SAN JUAN, Puerto Rico – Female interrogators tried to break Muslim detainees at the U.S. prison camp in Guantanamo Bay by sexual touching, wearing a miniskirt and thong underwear and in one case smearing a Saudi man’s face with fake menstrual blood, according to an insider’s written account.
A draft manuscript obtained by The Associated Press is classified as secret pending a Pentagon review for a planned book that details ways the U.S. military used women as part of tougher physical and psychological interrogation tactics to get terror suspects to talk.
It’s the most revealing account so far of interrogations at the secretive detention camp, where officials say they have halted some controversial techniques.
“I have really struggled with this because the detainees, their families and much of the world will think this is a religious war based on some of the techniques used, even though it is not the case,” the author, former Army Sgt. Erik R. Saar, 29, told AP.
Saar didn’t provide the manuscript or approach AP, but confirmed the authenticity of nine draft pages AP obtained. He requested his hometown remain private so he wouldn’t be harassed. Saar, who is neither Muslim nor of Arab descent, worked as an Arabic translator at the U.S. camp in eastern Cuba from December 2002 to June 2003. At the time, it was under the command of Maj. Gen. Geoffrey Miller, who had a mandate to get better intelligence from prisoners, including alleged al-Qaida members caught in Afghanistan (news – web sites).
Saar said he witnessed about 20 interrogations and about three months after his arrival at the remote U.S. base he started noticing “disturbing” practices.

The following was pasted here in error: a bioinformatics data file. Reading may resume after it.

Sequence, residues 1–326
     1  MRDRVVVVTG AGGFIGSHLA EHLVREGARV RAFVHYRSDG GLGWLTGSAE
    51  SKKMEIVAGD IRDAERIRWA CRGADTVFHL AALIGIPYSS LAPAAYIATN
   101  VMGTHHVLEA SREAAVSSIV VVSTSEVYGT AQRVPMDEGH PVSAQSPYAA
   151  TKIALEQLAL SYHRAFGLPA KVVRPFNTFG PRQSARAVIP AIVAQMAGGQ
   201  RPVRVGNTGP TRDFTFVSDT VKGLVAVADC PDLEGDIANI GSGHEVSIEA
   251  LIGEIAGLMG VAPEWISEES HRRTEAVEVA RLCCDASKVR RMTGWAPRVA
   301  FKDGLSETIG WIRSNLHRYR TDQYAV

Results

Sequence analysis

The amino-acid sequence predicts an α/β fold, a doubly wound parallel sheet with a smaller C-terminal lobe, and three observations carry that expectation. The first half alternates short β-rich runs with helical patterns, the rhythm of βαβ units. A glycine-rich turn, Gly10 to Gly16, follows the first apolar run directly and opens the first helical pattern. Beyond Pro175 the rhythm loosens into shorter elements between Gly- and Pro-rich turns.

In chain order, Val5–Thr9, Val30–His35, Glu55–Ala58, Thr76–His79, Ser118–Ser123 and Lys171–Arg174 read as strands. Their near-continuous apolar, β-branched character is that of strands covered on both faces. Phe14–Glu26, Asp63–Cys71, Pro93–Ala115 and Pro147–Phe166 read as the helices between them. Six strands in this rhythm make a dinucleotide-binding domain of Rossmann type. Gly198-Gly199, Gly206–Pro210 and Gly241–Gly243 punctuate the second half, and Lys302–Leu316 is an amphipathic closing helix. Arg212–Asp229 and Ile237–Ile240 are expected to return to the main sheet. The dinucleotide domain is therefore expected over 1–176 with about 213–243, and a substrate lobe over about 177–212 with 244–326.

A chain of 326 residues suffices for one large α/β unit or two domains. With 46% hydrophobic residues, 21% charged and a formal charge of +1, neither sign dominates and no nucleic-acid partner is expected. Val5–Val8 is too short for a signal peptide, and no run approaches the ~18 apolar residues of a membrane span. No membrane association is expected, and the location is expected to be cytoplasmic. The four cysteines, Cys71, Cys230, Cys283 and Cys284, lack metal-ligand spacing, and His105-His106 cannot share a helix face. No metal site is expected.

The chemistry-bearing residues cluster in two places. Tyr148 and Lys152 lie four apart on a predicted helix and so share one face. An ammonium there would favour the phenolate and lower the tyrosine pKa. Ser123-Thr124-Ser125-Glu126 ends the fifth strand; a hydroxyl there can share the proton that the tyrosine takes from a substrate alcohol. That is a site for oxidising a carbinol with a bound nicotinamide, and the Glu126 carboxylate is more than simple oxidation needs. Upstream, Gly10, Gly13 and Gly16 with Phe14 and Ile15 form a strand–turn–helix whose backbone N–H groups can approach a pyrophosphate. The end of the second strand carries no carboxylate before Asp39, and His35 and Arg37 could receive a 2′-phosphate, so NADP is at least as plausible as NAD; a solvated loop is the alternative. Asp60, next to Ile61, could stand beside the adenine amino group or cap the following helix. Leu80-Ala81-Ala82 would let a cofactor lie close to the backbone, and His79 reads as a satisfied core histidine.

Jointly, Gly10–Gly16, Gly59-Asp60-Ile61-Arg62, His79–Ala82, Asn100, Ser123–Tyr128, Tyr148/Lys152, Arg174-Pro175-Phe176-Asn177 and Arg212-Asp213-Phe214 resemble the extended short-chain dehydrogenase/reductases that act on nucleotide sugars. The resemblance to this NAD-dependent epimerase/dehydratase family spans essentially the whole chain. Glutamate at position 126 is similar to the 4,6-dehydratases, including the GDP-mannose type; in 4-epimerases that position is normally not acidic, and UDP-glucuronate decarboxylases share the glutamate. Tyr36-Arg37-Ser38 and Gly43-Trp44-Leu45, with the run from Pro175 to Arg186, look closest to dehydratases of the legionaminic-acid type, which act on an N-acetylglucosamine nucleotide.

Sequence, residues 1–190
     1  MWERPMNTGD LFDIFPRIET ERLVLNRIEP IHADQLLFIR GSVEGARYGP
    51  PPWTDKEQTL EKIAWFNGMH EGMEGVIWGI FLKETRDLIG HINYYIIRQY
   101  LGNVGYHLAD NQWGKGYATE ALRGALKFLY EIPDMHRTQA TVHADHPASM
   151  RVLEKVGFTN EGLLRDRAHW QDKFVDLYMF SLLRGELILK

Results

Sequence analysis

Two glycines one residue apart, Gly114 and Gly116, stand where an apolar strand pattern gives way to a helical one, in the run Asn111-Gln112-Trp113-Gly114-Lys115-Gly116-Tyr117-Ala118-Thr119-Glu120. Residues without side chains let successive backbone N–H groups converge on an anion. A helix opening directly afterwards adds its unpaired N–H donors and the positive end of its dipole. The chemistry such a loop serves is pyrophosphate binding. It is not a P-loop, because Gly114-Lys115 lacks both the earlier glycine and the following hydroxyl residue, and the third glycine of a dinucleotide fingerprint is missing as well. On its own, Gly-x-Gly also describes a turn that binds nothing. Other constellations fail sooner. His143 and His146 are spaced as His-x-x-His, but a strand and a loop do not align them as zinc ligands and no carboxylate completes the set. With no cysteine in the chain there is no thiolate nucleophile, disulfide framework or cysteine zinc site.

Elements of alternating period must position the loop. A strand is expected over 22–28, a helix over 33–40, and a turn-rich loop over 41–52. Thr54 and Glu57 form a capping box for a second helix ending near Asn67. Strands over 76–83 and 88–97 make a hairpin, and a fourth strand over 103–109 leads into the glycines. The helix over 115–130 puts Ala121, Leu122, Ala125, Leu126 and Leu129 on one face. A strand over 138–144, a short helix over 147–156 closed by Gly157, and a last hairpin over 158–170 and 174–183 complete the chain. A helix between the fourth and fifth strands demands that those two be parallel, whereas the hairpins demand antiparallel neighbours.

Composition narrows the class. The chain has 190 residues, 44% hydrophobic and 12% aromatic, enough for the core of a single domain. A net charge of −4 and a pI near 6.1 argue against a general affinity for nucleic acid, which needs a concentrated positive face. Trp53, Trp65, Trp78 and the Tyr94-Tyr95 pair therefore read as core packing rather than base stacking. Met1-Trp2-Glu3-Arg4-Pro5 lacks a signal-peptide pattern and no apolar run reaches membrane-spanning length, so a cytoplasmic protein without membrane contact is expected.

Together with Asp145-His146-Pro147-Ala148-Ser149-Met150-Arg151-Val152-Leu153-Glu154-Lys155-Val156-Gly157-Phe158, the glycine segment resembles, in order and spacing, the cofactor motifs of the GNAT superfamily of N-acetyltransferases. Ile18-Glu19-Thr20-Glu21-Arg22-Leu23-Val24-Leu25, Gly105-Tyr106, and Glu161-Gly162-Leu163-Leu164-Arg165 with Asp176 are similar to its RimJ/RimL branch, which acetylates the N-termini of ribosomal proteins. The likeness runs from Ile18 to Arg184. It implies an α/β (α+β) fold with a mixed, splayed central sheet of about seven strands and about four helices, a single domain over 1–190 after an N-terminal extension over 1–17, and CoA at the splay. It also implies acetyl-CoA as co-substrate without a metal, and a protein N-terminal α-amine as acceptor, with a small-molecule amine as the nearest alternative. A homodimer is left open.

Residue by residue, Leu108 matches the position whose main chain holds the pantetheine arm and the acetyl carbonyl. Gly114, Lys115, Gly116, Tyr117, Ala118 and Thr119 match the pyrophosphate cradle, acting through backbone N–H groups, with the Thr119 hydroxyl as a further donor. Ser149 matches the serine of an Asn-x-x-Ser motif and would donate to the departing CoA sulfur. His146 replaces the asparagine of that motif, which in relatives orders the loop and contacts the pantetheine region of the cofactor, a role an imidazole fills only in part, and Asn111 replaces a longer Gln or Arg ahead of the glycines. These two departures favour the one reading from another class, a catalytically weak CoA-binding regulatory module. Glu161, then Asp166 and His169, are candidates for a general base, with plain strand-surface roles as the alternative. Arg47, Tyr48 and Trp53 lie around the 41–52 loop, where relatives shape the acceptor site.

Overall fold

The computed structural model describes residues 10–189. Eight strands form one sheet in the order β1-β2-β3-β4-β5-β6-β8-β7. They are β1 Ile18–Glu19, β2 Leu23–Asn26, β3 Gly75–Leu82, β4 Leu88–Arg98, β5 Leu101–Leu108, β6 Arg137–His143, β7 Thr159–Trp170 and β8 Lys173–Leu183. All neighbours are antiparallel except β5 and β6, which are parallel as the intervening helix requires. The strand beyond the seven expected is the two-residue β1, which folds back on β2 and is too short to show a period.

One female civilian contractor used a special outfit that included a miniskirt, thong underwear and a bra during late-night interrogations with prisoners, mostly Muslim men who consider it taboo to have close contact with women who aren’t their wives.
Beginning in April 2003, “there hung a short skirt and thong underwear on the hook on the back of the door” of one interrogation team’s office, he writes. “Later I learned that this outfit was used for interrogations by one of the female civilian contractors … on a team which conducted interrogations in the middle of the night on Saudi men who were refusing to talk.”
Some Guantanamo prisoners who have been released say they were tormented by “prostitutes.”
In another case, Saar describes a female military interrogator questioning an uncooperative 21-year-old Saudi detainee who allegedly had taken flying lessons in Arizona before the Sept. 11 terror attacks. Suspected Sept. 11 hijacker Hani Hanjour received pilot instruction for three months in 1996 and in December 1997 at a flight school in Scottsdale, Ariz.
“His female interrogator decided that she needed to turn up the heat,” Saar writes, saying she repeatedly asked the detainee who had sent him to Arizona, telling him he could “cooperate” or “have no hope whatsoever of ever leaving this place or talking to a lawyer.'”
The man closed his eyes and began to pray, Saar writes.
The female interrogator wanted to “break him,” Saar adds, describing how she removed her uniform top to expose a tight-fitting T-shirt and began taunting the detainee, touching her breasts, rubbing them against the prisoner’s back and commenting on his apparent erection.
The detainee looked up and spat in her face, the manuscript recounts.
The interrogator left the room to ask a Muslim linguist how she could break the prisoner’s reliance on God. The linguist told her to tell the detainee that she was menstruating, touch him, then make sure to turn off the water in his cell so he couldn’t wash.
Strict interpretation of Islamic law forbids physical contact with women other than a man’s wife or family, and with any menstruating women, who are considered unclean.
“The concept was to make the detainee feel that after talking to her he was unclean and was unable to go before his God in prayer and gain strength,” says the draft, stamped “Secret.”
The interrogator used ink from a red pen to fool the detainee, Saar writes.